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There is so much to love about this book that it is hard to know where to begin!

Set in Canada, Blood Like Magic follows a young black witch named Voya who upon her first bleeding goes on to receive a task from one of her ancestors in order to be gifted with a power and join the rest of her family as a witch. Up until a witches bleeding time they have no magic whatsoever and blood plays a vital role in the ability to cast spells upon becoming a witch and I found this incredibly unique and interesting! As someone who has read a heck of a lot of witchy books it is always nice when you get to read a new spin on something that has been told many times before.

As well as the unique magical system the author managed to integrate a science-fiction theme and created a world not only filled with magic but also with futuristic technology… now you might be thinking “witches and technology? What?!” You know what? It really worked!

Something else that really worked for me was Voya as a protagonist. Voya is extremely relatable, she is flawed and often worries that she is not good enough. She struggles to make decisions and cares deeply for her family, everything she does is for them. Yes, she makes mistakes and yes her family is messy, dysfunctional and a bit crazy but I absolutely loved them all!

The representation in the book was brilliantly done and didn’t feel over the top.

The pacing was fast and there was absolutely no point during the book where I felt lost or bored or anything. I was just eager to keep reading and find out what happened because the atmosphere and tension throughout was absolutely top notch.

From start to finish this was like nothing I have ever read before and has left me desperately awaiting the next book!
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Blood Like Magic was such a good read! I really loved the writing and all of the Toronto references that only people who live or frequent Toronto would know. I loved that there was a lot of LGBTQ+ representation in this novel, including wlw, Demiromantic and transgender characters. I love the whole idea that you have to prove you can do something to have magic and the amount of importance placed on family and being true to yourself in this book. Such a good read, can’t wait til book two!
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This was an amazing read.  It had me laughing right off the bat.  First meeting Voya and her family had me smiling and feeling the incredible love and strength they all have.  But it’s not all smiles and laughs.  This book covers such impactful and difficult topics and Sambury did an amazing job handling them.  There were numerous moments where I cried in this book because of the heartache this family and community go through.  It was interesting to read the future that Sambury imagined.  I saw many paralells to events and products in today’s world that still happened in this book’s past. It was interesting to see jus thow Sambury had those events and products affect our future. I felt an extra connection to this book because it happens close to home.  I could picture this future world because I live so close to Toronto and have been to some of the locations in this book.  Sambury did a great job describing the atmosphere of the city.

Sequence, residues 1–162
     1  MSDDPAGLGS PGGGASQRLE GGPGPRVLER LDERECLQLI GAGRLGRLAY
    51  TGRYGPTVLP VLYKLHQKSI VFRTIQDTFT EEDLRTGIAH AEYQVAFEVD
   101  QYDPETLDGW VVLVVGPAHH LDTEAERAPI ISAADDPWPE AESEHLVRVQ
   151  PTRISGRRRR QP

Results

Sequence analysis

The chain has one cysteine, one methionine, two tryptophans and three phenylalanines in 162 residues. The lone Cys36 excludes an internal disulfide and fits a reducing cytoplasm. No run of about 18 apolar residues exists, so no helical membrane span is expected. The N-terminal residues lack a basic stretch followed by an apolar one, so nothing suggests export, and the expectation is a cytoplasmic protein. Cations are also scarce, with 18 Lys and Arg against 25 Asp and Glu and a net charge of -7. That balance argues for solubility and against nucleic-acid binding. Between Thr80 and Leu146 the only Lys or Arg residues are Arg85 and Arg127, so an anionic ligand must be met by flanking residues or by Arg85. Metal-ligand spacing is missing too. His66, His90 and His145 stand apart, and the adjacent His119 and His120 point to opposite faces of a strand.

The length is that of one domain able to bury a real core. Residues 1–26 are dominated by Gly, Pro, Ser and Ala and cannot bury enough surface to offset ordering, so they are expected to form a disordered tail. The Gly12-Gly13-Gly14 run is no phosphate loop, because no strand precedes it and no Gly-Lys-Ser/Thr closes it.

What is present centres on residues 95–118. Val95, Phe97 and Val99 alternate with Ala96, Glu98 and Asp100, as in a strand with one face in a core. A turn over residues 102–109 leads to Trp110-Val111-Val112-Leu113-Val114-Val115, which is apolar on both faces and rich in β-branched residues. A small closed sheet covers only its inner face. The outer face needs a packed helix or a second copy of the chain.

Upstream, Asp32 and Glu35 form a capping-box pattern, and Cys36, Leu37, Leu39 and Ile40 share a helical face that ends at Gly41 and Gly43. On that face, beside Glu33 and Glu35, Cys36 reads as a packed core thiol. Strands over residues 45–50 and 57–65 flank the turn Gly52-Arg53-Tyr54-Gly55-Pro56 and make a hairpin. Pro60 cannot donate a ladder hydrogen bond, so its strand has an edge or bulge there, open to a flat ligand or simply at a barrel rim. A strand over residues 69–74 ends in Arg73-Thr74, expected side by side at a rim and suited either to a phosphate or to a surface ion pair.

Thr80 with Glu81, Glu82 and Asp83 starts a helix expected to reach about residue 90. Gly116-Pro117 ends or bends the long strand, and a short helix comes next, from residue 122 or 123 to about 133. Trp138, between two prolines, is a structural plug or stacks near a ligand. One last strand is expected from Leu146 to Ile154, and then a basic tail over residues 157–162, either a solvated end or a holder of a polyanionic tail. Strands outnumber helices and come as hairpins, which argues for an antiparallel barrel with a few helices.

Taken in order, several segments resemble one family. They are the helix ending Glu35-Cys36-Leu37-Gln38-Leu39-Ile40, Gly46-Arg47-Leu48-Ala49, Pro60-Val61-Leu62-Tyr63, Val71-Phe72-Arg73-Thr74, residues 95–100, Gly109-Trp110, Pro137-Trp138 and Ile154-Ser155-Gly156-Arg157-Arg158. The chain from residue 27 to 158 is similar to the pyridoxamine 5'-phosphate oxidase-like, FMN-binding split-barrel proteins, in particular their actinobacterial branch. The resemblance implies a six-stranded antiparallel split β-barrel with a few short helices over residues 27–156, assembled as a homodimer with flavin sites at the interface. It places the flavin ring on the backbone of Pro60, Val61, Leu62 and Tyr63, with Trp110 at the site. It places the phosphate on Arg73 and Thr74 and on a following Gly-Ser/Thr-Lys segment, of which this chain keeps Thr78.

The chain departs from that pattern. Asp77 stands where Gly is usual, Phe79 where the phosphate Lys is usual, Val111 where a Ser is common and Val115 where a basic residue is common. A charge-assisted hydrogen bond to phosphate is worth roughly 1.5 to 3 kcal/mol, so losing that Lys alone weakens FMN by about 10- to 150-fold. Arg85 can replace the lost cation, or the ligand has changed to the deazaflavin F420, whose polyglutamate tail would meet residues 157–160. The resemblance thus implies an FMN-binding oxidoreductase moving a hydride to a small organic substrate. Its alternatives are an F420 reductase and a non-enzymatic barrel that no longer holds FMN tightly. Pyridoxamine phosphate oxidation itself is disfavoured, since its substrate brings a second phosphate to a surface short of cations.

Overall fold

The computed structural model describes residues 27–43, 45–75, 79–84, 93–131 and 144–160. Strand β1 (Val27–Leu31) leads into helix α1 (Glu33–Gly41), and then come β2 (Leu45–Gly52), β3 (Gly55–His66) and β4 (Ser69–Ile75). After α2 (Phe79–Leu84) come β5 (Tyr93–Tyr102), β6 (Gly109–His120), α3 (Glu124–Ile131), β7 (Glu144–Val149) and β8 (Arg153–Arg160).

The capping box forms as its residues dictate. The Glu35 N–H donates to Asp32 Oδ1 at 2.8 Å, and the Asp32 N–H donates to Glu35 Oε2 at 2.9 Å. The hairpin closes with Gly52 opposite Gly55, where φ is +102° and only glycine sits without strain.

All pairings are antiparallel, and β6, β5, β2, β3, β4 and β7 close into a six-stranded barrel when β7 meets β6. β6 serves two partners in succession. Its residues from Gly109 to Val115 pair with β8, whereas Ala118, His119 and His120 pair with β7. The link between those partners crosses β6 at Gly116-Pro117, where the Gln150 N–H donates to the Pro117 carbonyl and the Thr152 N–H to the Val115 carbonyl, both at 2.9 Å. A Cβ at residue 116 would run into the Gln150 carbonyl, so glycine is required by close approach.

I loved all the characters in this book, even the “villains”.  I loved that this future is queer-normative.  Sambury included so much representation, both queer and BIPOC, which was beautiful to see. I loved seeing that anyone who identified as a transgender was able to elect for an implant that would release the hormones associated with the gender they identify with – this is done without any stigmatization!

Sambury’s writng was well done and binge-worthy. Despite the futuristic setting, there was not point where anything felt unrealistic (nor were the made up words/tech that left the reader feeling isolated). I felt the story was interesting and kept me going. I had to know more: more about the magic, the family, the tech. Some I got answers to, others I still crave more. I balled, and I mean balled my eyes out, for the ending of this books. Character’s actions had consequences that felt meaningful and impactful – not getting easily fixed or brushed off.